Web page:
So it’s not a Friday, but I couldn’t wait any longer: I needed to talk about my pride and joy, my graduation-to-next-level-lace-knitting, my biggest knitting triumph of the year so far. I finally, after one week shy of a year, finished the Duskwings shawl, just in time to gift it to my wife for our legal-wedding anniversary.
This exceedingly mild spring is perfect for layering a worsted-weight shawl like this over light, cute tops that have been languishing in drawers all winter.
I ended up using all but the tiniest leftover bit of the 630 yards of yarn I’d bought, and I literally knitted one of the tips I picked up just for this shawl nearly into pieces. I also had quite the adventure when it came time to block this beautiful monstrosity. For those unfamiliar with the term, blocking is the process of using moisture, pins, and a large flat surface to coax natural fibers (especially wool) to reset their “default” positions to your ideal. It’s especially important with lace, and with garments; before this shawl was blocked, all the feathertips curled up dramatically, and it was easily almost a foot shorter in length from the cast-on edge to the bind-off. I’m glad I blocked it… but I definitely had to completely rearrange a closet in order to spread the shawl out over sheets covering the entire walk-in-closet floor to pin it out to the appropriate size!
Closeup views of the lace patterns: first the long flight feathers along one ‘wing,’ then the smaller feathers up at the shoulder.
Once I had the shawl blocked, it was much easier to see all the mistakes I’d made. After carefully securing one dropped stitch I hadn’t caught in the knitting process, I spent a lot of time staring at the ‘shoulder feathers,’ or the primary lace motif for the first third of the shawl’s length. As I talked about in my WIP entry for this shawl, I struggled a lot with that lace motif… and it shows. Going back to review other people’s shawls knitted to the same pattern, it became fairly obvious that the original design intended to produce regular, even diamond shapes before breaking into the long feathers. The Duskwings have irregular, organic lines faintly hinting at diamond-like organization, chains of yarnovers (the open spaces in lace) trailing off and doubling along each other like mussed, overlapped contour feathers. As it turns out, Kai vastly prefers the chaotic imperfection I accidentally introduced to the design – it does rather suit her personality and approach to life. (Now if only I knew how to vary the design intentionally…)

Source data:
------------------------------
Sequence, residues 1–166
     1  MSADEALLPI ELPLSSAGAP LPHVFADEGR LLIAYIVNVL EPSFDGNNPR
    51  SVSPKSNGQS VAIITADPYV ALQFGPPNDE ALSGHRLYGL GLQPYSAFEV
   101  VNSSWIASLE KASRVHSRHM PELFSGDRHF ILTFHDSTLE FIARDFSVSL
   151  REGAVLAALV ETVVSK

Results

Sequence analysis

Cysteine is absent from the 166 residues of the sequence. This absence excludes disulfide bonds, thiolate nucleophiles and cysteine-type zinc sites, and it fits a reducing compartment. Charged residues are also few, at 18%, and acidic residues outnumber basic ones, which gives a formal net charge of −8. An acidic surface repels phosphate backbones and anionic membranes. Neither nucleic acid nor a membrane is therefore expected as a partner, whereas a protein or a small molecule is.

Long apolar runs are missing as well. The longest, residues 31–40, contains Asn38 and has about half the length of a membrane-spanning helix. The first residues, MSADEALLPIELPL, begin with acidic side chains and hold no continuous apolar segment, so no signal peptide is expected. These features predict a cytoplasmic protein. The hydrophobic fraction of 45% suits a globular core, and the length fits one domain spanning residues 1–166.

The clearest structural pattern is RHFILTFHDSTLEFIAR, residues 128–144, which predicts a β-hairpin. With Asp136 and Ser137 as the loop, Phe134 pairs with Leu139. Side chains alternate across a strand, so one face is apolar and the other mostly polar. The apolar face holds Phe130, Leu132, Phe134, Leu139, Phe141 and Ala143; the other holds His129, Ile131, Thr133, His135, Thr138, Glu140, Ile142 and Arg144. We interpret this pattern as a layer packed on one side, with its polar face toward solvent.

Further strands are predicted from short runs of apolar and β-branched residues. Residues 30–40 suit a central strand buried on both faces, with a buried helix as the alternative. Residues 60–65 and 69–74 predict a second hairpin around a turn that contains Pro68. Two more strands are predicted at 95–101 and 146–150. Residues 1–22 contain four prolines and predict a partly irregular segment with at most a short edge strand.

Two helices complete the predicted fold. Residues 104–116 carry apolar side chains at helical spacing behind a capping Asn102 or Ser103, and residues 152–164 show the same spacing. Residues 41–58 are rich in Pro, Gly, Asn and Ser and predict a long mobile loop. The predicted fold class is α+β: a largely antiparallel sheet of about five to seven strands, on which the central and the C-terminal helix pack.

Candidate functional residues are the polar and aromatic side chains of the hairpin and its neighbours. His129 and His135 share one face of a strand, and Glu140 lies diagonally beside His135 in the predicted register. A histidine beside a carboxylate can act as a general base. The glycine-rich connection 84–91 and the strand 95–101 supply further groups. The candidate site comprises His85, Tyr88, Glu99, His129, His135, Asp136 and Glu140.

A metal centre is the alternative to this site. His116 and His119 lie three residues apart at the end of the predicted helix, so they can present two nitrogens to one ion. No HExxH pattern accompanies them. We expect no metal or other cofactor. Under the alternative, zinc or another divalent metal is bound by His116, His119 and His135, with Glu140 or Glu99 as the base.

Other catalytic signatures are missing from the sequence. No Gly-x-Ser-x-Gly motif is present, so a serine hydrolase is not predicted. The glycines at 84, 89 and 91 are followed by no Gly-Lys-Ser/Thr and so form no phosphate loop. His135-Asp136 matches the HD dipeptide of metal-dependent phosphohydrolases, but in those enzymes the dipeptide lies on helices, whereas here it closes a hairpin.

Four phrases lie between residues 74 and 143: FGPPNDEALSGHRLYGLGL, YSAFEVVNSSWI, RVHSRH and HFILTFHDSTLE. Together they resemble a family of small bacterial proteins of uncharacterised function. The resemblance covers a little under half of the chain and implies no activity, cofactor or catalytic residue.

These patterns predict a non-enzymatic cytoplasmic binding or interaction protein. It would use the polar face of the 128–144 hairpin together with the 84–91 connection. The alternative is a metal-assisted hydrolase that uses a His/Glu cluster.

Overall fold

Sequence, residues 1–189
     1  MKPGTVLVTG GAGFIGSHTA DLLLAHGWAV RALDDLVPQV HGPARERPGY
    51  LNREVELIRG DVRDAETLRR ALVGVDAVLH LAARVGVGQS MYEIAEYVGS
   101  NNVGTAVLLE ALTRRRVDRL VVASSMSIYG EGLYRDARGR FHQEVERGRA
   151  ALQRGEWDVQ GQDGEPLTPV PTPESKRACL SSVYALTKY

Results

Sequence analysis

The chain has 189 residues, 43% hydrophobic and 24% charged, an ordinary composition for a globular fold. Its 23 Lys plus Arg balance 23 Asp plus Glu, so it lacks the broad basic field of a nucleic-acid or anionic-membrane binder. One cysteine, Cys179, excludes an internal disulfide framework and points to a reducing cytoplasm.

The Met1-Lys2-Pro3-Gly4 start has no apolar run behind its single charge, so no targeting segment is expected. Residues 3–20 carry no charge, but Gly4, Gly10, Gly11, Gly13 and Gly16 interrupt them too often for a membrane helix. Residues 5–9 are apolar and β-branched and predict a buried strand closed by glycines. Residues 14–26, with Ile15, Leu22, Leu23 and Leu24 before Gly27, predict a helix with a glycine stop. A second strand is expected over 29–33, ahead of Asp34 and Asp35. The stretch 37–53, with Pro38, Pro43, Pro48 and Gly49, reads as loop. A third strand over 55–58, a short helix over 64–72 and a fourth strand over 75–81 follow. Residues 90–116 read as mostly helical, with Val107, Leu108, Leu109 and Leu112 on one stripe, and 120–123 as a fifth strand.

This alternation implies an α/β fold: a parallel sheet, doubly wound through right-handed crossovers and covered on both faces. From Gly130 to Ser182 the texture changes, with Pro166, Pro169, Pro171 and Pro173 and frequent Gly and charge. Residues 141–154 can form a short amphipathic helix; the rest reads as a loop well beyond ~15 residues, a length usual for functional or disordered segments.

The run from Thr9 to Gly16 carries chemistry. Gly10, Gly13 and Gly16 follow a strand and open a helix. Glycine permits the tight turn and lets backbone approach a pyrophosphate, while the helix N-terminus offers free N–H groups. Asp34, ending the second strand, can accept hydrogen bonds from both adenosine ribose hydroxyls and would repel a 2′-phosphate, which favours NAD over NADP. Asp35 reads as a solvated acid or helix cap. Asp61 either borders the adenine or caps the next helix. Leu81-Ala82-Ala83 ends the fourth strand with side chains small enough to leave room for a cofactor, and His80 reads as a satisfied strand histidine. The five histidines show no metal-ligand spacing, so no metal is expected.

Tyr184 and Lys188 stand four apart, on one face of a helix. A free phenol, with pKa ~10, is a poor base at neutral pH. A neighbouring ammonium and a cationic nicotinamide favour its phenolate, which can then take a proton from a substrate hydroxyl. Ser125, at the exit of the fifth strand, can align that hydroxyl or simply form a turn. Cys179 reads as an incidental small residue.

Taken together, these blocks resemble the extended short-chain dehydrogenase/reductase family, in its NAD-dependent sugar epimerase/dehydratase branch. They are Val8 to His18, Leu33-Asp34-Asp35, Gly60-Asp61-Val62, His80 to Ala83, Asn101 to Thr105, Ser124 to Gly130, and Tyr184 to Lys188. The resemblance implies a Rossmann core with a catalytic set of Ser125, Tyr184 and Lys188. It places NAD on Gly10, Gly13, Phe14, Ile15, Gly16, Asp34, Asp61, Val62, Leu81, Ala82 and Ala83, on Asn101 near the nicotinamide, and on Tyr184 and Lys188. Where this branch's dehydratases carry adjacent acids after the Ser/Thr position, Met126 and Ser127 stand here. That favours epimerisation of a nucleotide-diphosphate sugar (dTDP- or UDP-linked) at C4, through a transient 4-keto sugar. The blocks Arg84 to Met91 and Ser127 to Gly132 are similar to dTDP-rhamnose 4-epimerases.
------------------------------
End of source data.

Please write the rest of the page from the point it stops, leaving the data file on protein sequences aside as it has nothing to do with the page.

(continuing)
Wings are ideal for hugging little pumpkins, and suit Kai’s style perfectly.
I feel so relieved to have finally finished something that was such a massive challenge, and, in the end, such a massive success. Of course, this means I have to dive in headfirst into new challenges in my favorite niche of the knitting world: keep your eyes peeled for a post coming soon about my newest attempt at stretching my lace skills. And, of course, like I mentioned before, I wouldn’t be me if there wasn’t already bright-gold yarn waiting in the background for me to be ready to cast on this pattern once again, and see how much better I can do the next time around. A different fiber, a slightly different needle size, and a very different skill level should make the same pattern into a perfect complementary set of wings for myself.